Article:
by Marcy Beller Paul
Expected Publication Date: October 27, 2015
Length: 304 pages
Publisher: Balzer + Bray
Obtained Via: I received an advanced reader’s copy of this book in exchange for an honest review. This in no way affected my final opinion of the work.
View at the Traffic light:
But now Mattie is a senior, and she’s sick of missing things. So here she is.
And there’s Jolene: Beautiful. Captivating. Just like the stories she wove. Mattie would know; she used to star in them. She and Jolene were best friends. Mattie has the scar on her palm to prove it, and Jolene has everything else, including Hudson.
But when Mattie runs into Hudson and gets a glimpse of what could have been, she decides to take it all back: the boyfriend, the friends, the life she was supposed to live. Problem is, Mattie can’t figure out where Jolene ends and she begins.
Because there’s something Mattie hasn’t told anyone–she walked away from Jolene over a year ago, but she never really left.
Poignant and provocative, Marcy Beller Paul’s debut novel tells the story of an intoxicating—and toxic—relationship that blurs the boundary between reality and fantasy, love and loyalty, friendship and obsession.
I love YA novels about friendship in all its varieties. I know if I want a book that shows a strong, healthy female friendship, I can pick up an Emery Lord novel. If I want a book that looks at a toxic, unhealthy, obsessive friendship. . . well I’ll be picking up Underneath Everything.
Being her best friend wasn’t a pinkie-swear kind of thing. It was rabid: a deep cut instead of a drop of blood; smashed glass instead of a store-bought necklace. It was thrilling, the lengths she’d go to for me. The violence. The intensity.
A year ago, Mattie walked away from Jolene. She walked away from the confusion, the lows, the fear. . . but also the highs, the joys, and the intensity. Now Jolene has broken up with Hudson, the guy Mattie’s had her eye on, but as Hudson and Mattie start something, Mattie starts to get drawn to the other enigmatic girl once again. As the story unfolds, frequent flashbacks help tell the story of why Jolene and Mattie were such good friends in the first place, what happened to split them apart, and why Mattie is once again filling Jolene’s pull.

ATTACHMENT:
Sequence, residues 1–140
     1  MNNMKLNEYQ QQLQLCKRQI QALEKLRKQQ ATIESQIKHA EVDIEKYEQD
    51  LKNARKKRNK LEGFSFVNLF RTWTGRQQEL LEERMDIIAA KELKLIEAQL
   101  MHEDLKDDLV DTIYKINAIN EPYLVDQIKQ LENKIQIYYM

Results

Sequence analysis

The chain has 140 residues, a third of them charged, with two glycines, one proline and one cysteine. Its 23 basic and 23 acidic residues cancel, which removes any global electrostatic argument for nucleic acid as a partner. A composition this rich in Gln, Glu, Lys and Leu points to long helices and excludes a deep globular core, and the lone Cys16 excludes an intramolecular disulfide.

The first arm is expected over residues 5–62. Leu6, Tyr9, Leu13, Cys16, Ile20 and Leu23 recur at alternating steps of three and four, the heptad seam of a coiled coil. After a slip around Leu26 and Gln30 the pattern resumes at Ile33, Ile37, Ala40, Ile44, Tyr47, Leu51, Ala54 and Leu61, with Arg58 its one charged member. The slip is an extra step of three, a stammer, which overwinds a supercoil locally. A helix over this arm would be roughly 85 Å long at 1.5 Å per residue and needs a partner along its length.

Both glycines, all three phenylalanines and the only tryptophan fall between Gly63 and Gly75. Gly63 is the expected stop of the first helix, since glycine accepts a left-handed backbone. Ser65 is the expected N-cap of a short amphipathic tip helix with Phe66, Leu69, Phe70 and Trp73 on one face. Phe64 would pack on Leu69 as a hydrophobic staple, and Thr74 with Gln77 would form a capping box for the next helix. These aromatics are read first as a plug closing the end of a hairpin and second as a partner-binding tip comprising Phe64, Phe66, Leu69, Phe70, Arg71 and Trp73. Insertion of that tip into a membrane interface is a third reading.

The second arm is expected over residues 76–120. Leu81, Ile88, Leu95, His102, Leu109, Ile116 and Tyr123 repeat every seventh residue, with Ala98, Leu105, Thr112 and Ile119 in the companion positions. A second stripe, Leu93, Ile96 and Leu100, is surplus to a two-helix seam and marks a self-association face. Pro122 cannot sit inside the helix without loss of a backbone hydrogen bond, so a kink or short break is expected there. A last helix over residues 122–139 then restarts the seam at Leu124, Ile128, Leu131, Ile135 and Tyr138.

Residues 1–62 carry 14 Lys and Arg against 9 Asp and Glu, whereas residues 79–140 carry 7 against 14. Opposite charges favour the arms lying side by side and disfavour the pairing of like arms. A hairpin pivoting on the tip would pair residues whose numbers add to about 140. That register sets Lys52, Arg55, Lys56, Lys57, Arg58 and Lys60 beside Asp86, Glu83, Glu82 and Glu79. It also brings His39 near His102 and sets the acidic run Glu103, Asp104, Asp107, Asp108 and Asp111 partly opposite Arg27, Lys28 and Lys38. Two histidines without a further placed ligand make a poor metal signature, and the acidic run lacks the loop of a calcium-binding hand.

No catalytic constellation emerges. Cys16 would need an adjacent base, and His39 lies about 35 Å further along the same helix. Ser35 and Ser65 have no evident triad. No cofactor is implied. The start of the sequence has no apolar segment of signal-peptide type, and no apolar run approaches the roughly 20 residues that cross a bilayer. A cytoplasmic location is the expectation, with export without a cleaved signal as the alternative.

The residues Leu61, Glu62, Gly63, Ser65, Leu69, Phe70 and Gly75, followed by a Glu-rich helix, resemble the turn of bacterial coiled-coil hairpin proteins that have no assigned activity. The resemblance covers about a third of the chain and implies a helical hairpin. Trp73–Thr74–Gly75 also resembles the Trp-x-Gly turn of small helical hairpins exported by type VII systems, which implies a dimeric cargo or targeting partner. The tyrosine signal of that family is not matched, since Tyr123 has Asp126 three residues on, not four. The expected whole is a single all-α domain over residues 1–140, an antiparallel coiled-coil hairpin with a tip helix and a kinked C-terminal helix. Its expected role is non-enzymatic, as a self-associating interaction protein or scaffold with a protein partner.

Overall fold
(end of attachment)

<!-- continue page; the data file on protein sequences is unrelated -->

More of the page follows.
I’m not always a fan of frequent flashbacks, but I thought they really worked in Underneath Everything. Those scenes managed to accomplish so many things. They showed the blurred lines of Jolene and Mattie’s friendship, and the intensity of it all, as well as the slow creeping of realizing how toxic the friendship really was. At times, Underneath Everything verged a bit on the frightening side, but not because of any horror. Rather, the novel shows the ins and outs of this friendship so well that I couldn’t help but to often shake my head. It might not be as dramatic, but who hasn’t had those friendships were something sat not quite right with you?
There’s romance and family drama, but everything comes secondary to the friendship. I’m not sure if everyone will like this, but I sure did! Well, perhaps “like” is the right word. But I thought Underneath Everything did a great job of exploring an unhealthy, all-encompassing relationship. When I’ve seen previous toxic relationships explored in YA, they’ve always been romantic in nature, and bad-for-you friendships are left to be a side plot if it’s included in a book. Underneath Everything delves in to that in-to-deep feeling and reality. Even when Mattie’s with Hudson, her love interest, so much of her life revolves around Jolene. Her lines become incredibly blurred and the way the novel shows the blending between reality and Mattie’s perception of the world is deftly done.
Despite the fact it sometimes felt like not a lot happened, Underneath Everything is a fast-moving book. I read it in a day and practically raced through it. There’s a lot of introspection, but the narrative never feels weighed down by it. I also liked that Marcy Beller Paul didn’t go for the standard route with her characters. These girls may be “unlikable”(I tend to love unlikable female characters, by the way, so that in no way is meant to be a condemnation), but I wouldn’t call them catty. There’s a maturity to the story I didn’t expect, and I don’t mean in terms of content. While the friendship between Mattie and Jolene is never idolized, it was handled with an even hand. Even as I could see, with the wisdom of a few more years than these characters, WHY this friendship was so awful for Maddie, I also understood why she was continually drawn to Jolene again and again.
If you’re interested in reading a well-written YA about an unhealthy and toxic boundary-blurring friendship, Underneath Everything is well worth a read.
I was quite impressed with this debut, from the writing to the characterization. Recommend for sure. 4/5 cupcakes.